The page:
Would an inspired book necessarily be historically and scientifically inerrant? There is no particular reason to think so. One could not be sure, as fundamentalists would like to think, that an inspired book would not contain inspired myths and legends, even fiction. There are other non-factual genres in the Bible, after all, like the Psalms. Who is the theologian to tell God that he cannot have included certain genres in his book? If we know God’s literary tastes in such detail, then I suggest the Bible is altogether superfluous. We already know the very mind of God before we even open the Bible! – Robert M. Price

Today I’m writing about mythology as it relates to the scriptures.

First of all, let me clarify that when I say “myth” I don’t mean what it means in popular usage, namely a story or belief that is simply false. Rather, I mean the very specific meaning it has as a genre of ancient literature.

Historians of the Near East didn’t use the word “myth” to mean untrue or made-up. These ideas may be included, but it is actually used to get at something deeper. Peter Enns defines myth as “an ancient, premodern, prescientific way of addressing questions of ultimate origins and meaning in the form of stories: Who are we? Where do we come from?” Another good definition, given by Alan Dundes, is, “A sacred narrative explaining how the world and humankind assumed their present form.”

As the quote at the beginning explains, we have no good reason to assume that the scriptures do not contain any mythical accounts. This is true even if we grant that the scriptures are inspired. There is nothing about the category of myth that could inhibit God’s ability to speak to us through it.

On the contrary, God speaking to people according to paradigms that were already held would significantly help their comprehension; otherwise his communication would have been incomprehensible (e.g. if God communicated to people thousands of years ago with our modern worldview, which, unfortunately, many people read back into their interpretation of the scriptures).

Many assume that a modern recording of history (with an emphasis on factual accuracy) is more valuable than myth, and therefore that’s what God did in the OT. But is God really concerned about us getting our facts straight? What if he only cares about our beliefs to the degree that it affects how we relate with him and others? What if he’s interested in the message that is communicated more than making sure the statements recorded are true propositions?

Ancient peoples did not attempt to describe the universe in scientific terms. Myths in the scriptures would not have the goal of telling historically and scientifically accurate stories; they wouldn’t derive value from catering to what is merely our modern worldviews and academic practices. Rather, myths have value because they have analogues in other civilizations. It was in the differences with those analogues, and thus in comparison, that the myths spoke its message. (So what happens when we lose sight of the analogues and there is nothing to compare it to? We simply take everything in it, enforce concepts of modernity on the text, and say “well, I guess all of it must be true.” This misses the purpose of the myth and therefore what it tries to communicate.)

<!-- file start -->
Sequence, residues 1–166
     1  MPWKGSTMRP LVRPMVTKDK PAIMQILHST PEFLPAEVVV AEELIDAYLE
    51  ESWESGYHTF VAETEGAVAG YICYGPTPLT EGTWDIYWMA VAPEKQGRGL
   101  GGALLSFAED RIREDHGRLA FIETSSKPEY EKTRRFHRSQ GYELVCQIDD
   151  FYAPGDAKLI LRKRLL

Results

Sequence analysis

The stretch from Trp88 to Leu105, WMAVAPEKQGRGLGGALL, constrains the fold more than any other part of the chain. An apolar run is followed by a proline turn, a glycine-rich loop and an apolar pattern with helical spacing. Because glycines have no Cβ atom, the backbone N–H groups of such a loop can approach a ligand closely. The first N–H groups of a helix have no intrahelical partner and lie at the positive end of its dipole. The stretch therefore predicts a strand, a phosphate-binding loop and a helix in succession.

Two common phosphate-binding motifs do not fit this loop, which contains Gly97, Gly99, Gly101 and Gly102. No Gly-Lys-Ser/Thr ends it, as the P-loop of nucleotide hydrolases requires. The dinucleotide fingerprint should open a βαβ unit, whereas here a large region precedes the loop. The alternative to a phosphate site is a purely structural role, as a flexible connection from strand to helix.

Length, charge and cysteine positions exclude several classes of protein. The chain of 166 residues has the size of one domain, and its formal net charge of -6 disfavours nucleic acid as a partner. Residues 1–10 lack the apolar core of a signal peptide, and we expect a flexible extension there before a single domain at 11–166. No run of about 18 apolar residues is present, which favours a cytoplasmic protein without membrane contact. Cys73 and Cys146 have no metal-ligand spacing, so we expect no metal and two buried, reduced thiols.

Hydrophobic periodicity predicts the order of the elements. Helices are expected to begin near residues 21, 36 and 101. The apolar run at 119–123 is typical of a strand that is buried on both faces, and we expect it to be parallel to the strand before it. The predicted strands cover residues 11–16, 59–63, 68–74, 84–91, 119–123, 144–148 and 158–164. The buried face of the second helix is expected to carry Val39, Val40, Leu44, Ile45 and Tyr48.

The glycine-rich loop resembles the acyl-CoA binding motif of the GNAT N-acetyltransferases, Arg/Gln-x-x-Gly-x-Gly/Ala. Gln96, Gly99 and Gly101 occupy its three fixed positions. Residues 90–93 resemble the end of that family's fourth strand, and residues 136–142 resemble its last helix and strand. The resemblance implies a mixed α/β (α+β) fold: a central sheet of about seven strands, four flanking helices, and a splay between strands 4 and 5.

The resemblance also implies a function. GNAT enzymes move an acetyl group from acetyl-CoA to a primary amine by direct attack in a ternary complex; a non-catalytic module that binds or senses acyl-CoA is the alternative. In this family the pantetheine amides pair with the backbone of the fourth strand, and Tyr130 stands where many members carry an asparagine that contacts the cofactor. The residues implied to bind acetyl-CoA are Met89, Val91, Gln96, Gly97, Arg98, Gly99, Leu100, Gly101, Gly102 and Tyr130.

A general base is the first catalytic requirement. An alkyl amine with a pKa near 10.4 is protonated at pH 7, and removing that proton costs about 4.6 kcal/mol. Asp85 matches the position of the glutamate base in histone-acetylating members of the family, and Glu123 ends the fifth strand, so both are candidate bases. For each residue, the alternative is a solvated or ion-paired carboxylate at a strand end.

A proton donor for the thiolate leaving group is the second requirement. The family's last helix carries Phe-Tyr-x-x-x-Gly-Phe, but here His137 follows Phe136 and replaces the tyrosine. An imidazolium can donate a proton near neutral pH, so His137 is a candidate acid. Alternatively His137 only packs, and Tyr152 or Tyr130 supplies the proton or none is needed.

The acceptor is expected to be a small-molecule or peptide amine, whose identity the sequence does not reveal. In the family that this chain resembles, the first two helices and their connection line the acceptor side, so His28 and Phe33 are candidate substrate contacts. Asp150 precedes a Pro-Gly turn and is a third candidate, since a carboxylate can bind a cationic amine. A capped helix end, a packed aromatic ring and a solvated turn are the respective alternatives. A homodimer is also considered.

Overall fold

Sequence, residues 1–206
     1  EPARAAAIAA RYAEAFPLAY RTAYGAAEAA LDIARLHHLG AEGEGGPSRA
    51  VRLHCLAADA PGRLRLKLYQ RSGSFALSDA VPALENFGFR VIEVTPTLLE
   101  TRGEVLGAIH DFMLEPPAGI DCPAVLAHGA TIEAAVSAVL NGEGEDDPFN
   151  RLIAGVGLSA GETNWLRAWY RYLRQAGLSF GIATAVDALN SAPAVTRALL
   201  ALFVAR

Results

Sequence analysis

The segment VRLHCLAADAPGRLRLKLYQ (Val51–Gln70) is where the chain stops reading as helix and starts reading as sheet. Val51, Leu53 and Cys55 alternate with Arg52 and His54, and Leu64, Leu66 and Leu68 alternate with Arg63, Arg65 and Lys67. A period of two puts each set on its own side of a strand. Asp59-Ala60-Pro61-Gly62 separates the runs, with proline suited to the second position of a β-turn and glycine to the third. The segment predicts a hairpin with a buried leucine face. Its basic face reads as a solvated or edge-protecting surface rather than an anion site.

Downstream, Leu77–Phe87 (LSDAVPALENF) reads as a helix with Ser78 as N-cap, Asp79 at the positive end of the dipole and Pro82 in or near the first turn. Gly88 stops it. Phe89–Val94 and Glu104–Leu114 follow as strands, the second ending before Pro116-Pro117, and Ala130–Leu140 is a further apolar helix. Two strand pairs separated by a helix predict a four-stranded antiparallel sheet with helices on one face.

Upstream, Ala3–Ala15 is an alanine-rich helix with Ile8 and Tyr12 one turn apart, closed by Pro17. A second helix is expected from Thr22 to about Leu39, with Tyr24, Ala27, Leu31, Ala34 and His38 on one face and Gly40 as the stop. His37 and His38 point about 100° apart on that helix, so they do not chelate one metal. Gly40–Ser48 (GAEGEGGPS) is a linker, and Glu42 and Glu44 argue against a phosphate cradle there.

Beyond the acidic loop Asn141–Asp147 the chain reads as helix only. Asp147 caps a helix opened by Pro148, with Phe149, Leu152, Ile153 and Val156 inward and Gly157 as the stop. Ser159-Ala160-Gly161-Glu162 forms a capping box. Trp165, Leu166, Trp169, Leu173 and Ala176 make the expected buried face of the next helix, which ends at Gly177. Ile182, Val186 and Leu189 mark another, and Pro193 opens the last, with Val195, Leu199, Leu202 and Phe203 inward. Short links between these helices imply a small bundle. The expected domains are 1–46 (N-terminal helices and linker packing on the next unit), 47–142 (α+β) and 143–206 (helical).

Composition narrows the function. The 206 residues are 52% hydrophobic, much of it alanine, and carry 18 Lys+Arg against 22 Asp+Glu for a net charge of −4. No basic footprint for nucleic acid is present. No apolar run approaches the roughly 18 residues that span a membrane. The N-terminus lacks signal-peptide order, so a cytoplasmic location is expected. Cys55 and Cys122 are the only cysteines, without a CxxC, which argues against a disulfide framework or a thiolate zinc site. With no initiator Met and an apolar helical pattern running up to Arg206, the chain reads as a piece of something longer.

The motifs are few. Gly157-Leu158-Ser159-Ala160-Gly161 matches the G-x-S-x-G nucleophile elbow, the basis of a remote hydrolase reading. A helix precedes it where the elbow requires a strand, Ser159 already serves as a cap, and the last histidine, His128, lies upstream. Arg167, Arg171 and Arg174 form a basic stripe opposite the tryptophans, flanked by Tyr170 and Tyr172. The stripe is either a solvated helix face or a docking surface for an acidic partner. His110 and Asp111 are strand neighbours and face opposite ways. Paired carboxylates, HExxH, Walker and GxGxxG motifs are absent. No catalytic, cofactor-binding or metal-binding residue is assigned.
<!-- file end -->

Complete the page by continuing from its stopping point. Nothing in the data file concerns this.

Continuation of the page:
Let’s look at some examples of myth in the scriptures.

The land Abraham came from (Mesopotamia) and that he was called to (Canaan) both expressed stories of origins in mythic categories for a long time. What makes Genesis unique is not that it is historically accurate unlike the similar mythic stories of its time but that it begins to reveal the God that is different from all the gods before him.

God adopted Abraham as the forefather of a new people, and in doing so he also adopted the mythic categories within which Abraham – and everyone else – throughout. But God did not simply leave Abraham in his mythic world. Rather, God transformed the ancient myths so that Israel’s story would come to focus on its God, the real one. – Peter Enns

Since the  ancient Near Eastern stories are myth and the Genesis stories are extremely similar to them, Genesis should also be understood as myth. This is expected since Genesis is an ancient document, not a modern one. Just because our culture does not understand origins in terms of myth doesn’t mean that we can make something that was written as myth fit our modern perspectives or judge them based on standards of modern historical inquiry and scientific precision.

The literal interpretation [of Genesis] is only about a hundred years old, and that approach to the Bible came out of the Enlightenment, which requires a Eurocentric post-scientific-revolution worldview that none of the writers of the Bible ever considered. I more favor a literary interpretation; understanding not only the cultural context but also the genre and style that certain sections of the Bible were written in. And the first eleven chapters of Genesis are written in the genre of a creation myth: fantastic imagery used to package the explanation of how we got here. I think reading the Bible like a textbook full of facts is not only quite silly, but also sucks out all the enjoyment of reading the Bible. – Andrew Love

Jesus’ claims are another good example (although perhaps not exactly myth in and of themselves, they were definitely derived from myths). Put simply, they weren’t unique. Indeed, Jesus wasn’t trying to be. He was making a comparison between himself and other people or objects that were the subject of the claims. When Jesus said the things similar to what others had previously claimed, he did so knowing that when he did so those people or objects would be brought to the minds of his audience.